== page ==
(Baltimore, MD) – The Centers for Medicare & Medicaid Services (CMS) will release a new report claiming the overall rate of health expenditures remained low for the fourth consecutive year. For many, the devil is in the details of what the definition of “low” is.
“An annual rate of 3.7% in 2012 translates to slower growth than the economy as a whole,” said a CMS spokesman, speaking on condition of anonymity. “And we’re counting on the notoriously short memories of average, ordinary, every-day Americans to prove our findings! After all, who’s going to remember the high oil prices of 2012?”
According to the heavily redacted report, money was saved in the following areas:
Nursing home costs were lower … but only because quality-of-life services at many nursing homes are being cut to the bone. And patient-assisted suicides were up by a substantial margin, as were at-home mercy killings.
Prescription drug price increases were lower … but only because drug companies are already charging $100,000 for a month’s supply of medication, a ceiling that is apparently even appalling to some drug company presidents. “Drug companies have to turn a profit for their CEOs and shareholders, even if the side-effects of the drugs include headaches, nausea, vomiting, diarrhea, hair loss, hearing loss, peat moss, dry mouth, wet mouth, diarrhea of the mouth, spontaneous combustion, spontaneous change in sex, and drowsiness,” defended a spokesman for the American Pharmacists Association (APhA), speaking on condition of anonymity.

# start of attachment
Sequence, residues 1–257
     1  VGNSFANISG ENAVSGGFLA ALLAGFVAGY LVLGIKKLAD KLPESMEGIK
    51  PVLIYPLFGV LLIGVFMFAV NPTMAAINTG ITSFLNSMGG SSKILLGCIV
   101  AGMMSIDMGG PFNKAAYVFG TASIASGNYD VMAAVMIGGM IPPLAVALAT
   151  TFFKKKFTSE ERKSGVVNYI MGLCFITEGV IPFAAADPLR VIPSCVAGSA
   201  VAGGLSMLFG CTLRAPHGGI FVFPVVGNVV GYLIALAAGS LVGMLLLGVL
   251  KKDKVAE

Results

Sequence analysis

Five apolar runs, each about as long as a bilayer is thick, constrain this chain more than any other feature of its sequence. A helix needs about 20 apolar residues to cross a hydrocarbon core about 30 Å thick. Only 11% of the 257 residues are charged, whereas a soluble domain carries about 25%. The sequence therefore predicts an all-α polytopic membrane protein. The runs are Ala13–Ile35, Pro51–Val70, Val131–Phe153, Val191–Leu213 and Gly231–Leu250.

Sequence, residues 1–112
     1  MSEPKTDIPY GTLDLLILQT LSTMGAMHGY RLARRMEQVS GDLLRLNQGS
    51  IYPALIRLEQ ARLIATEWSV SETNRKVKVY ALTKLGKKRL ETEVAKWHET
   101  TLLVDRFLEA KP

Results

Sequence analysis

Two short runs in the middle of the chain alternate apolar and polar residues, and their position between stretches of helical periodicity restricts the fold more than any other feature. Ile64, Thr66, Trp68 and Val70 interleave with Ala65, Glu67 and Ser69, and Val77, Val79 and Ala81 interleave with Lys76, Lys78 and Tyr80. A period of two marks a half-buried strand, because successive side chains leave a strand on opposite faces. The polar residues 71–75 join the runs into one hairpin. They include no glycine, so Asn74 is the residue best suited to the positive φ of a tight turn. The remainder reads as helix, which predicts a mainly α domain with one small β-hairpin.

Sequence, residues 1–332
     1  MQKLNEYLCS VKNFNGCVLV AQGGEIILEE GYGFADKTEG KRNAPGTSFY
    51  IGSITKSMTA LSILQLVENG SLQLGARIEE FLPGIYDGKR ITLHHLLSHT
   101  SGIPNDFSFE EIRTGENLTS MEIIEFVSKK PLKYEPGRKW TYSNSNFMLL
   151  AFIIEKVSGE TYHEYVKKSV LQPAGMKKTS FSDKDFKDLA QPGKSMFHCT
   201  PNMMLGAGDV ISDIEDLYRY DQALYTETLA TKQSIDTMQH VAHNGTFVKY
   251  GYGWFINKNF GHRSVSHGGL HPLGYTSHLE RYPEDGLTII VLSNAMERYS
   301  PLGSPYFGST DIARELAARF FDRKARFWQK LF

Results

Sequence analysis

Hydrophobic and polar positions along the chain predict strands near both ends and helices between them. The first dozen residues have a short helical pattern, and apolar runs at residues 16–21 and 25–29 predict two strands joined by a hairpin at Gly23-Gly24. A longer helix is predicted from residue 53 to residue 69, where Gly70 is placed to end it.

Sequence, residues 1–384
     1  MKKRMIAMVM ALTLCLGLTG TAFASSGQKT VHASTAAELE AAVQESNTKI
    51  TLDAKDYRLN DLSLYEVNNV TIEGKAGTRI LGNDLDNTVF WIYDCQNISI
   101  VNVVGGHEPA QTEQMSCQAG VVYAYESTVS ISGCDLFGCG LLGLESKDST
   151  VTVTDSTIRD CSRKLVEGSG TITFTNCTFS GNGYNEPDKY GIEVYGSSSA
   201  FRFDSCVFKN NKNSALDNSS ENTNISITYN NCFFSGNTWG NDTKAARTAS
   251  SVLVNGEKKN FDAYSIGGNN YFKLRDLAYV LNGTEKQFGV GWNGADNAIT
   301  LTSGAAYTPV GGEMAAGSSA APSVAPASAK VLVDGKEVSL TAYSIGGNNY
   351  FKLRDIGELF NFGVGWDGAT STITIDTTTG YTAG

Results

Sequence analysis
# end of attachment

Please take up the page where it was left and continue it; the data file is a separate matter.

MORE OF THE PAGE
Private health insurance spending was lower … but only because the American economy continued to hemorrhage jobs in 2012, thus depriving individuals of the money to actually buy private health insurance.
Medicare spending growth stayed low … but only because Congress has gerrymandered the forms and rules for Medicare, much like they have gerrymandered their voting districts to ensure perpetual re-election.
Prescription drug spending growth was low. Retail prescription drug spending slowed in 2012, growing only 0.4 percent as the result of numerous drugs losing their patent protection, leading to increased sales of lower-cost generics.
Medicaid spending stayed low … but only because so many recipients were thrown off the Medicaid program due to more insensitive and extreme “Welfare-to-Work” programs enforced by House Republicans. “I own seven houses, and you don’t see me needing a handout!” proclaimed a Republican House member, speaking on condition of anonymity.
Another question involves the overall credibility of the report due to the criticism and cynicism associated with previous CMS missteps and financial losses. Few will forget how, in the interest of saving money in the health care arena, former Department of Health and Human Services Secretary Tommy Thompson (R-WI) changed the name “HCFA” – Health Care Financing Administration – to CMS in 2001. “How could you ever like something called ‘HCFA’?” Thompson asked. But millions of dollars were wasted during the rebranding of the agency.